Especially in patrilineal and virilocal societies, women have long been considered to be “in between” the paternal and affinal patrilineages. For this reason, women occupy a liminal status and are considered dangerous or impure outsiders in many societies. Moreover, their assumed impurity is the basis of taboos for women and requires certain rituals of incorporation to be carried out for them at certain times during their life cycle. The present article focuses on the supposed impurity of women among the Maale of southern Ethiopia. Trying to find explanations for the impurity attributed to women in this part of the world, it shows the complex connections between ideas of “foreignness,” mobility, and “impurity,” their manifestation in women's taboos, and their overcoming through rituals of integration.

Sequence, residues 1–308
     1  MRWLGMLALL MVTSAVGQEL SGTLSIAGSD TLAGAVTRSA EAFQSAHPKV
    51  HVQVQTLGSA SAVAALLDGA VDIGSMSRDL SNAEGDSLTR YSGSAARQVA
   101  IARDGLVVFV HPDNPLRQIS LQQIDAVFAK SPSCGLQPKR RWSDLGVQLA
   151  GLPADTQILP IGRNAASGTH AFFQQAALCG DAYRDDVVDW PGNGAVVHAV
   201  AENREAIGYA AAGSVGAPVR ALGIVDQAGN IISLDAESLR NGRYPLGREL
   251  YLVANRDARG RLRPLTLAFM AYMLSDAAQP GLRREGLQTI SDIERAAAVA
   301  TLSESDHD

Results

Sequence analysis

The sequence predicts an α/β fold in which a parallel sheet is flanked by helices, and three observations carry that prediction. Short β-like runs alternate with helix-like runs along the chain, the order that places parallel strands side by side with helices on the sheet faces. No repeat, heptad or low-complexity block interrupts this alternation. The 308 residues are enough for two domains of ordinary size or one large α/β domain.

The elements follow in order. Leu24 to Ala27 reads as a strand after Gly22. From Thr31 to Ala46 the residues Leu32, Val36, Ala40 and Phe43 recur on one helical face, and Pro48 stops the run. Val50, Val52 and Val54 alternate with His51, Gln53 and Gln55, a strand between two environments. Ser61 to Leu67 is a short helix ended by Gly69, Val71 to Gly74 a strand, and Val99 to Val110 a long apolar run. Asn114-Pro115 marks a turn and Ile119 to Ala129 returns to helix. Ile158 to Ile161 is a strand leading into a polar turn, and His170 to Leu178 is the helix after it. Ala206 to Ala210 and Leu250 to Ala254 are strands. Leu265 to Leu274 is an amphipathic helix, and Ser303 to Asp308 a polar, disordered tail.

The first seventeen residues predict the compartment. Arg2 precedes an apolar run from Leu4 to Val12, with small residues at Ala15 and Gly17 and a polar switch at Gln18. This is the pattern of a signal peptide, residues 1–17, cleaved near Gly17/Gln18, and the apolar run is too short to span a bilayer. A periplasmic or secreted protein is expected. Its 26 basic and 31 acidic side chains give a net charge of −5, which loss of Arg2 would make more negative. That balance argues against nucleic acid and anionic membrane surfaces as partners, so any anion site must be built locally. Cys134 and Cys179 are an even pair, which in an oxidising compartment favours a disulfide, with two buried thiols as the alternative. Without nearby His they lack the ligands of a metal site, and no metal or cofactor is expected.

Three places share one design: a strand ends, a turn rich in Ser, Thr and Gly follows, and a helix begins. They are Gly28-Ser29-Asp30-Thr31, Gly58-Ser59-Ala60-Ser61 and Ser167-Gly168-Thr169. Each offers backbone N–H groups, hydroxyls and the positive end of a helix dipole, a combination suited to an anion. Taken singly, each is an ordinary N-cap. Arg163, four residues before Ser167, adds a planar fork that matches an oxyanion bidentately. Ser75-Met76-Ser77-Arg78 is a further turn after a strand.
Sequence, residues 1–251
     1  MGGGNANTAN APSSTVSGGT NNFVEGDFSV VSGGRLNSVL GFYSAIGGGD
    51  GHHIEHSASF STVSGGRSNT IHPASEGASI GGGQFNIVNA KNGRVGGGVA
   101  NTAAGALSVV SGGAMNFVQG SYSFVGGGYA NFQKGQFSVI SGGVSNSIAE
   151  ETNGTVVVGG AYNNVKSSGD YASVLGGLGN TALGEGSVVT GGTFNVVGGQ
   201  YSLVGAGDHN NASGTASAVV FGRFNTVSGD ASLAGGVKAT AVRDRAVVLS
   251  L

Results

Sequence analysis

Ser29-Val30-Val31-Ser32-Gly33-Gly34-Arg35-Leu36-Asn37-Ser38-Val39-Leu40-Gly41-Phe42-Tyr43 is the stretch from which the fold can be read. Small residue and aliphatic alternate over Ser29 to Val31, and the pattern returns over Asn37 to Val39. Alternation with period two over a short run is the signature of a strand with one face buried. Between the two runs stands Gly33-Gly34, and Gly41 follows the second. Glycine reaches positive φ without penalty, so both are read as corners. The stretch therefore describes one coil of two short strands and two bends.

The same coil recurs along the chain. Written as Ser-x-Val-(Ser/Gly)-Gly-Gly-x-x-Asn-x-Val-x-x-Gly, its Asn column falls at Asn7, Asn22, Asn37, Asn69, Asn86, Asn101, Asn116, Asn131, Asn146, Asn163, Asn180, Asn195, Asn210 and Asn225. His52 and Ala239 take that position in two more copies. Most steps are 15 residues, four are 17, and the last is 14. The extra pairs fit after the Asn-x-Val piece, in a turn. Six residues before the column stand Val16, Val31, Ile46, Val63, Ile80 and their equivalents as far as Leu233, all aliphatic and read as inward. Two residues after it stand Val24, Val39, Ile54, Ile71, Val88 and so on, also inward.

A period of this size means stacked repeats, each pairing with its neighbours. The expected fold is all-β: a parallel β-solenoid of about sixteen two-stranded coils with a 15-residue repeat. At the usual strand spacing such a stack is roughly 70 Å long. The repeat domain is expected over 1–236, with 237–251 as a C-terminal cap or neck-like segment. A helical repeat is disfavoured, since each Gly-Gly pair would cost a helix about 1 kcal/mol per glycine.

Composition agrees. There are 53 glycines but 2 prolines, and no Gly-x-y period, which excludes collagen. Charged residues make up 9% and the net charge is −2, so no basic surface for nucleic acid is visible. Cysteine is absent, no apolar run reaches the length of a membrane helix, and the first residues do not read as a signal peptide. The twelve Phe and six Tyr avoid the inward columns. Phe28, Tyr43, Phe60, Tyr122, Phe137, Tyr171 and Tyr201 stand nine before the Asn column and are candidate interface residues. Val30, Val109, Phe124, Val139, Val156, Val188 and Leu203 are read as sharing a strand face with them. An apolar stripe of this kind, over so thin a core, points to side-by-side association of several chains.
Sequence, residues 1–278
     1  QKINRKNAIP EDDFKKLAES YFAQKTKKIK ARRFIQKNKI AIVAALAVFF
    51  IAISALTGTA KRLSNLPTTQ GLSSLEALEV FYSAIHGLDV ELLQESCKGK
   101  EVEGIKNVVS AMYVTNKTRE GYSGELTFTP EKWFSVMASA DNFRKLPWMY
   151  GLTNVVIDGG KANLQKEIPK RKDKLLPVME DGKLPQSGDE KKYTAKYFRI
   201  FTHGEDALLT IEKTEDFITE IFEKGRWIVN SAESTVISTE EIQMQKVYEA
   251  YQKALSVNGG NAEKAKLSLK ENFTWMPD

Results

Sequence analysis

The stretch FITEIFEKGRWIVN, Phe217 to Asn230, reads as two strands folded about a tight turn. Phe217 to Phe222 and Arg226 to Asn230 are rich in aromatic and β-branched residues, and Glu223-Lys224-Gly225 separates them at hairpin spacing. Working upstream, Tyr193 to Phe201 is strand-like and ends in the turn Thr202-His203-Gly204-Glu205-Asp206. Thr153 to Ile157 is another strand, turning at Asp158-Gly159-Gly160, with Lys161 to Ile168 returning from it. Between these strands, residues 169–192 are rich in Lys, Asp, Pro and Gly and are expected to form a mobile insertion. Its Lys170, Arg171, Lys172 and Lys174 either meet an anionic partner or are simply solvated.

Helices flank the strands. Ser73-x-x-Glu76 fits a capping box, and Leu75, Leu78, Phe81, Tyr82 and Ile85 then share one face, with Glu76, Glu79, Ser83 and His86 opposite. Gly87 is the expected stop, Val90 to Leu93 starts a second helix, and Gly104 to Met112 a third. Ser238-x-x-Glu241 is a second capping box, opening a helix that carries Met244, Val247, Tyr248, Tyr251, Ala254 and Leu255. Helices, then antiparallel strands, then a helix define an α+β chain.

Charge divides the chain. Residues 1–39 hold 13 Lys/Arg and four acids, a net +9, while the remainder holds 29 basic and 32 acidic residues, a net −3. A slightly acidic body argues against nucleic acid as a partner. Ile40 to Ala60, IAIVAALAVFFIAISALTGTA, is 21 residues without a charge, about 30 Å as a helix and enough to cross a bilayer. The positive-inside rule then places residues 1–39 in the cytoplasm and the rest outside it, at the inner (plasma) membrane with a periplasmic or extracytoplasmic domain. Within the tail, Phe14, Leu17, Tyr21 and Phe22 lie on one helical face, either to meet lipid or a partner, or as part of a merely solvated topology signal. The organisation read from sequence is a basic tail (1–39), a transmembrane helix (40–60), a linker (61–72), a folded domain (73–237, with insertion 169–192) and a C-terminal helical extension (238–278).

You do not currently have access to this content.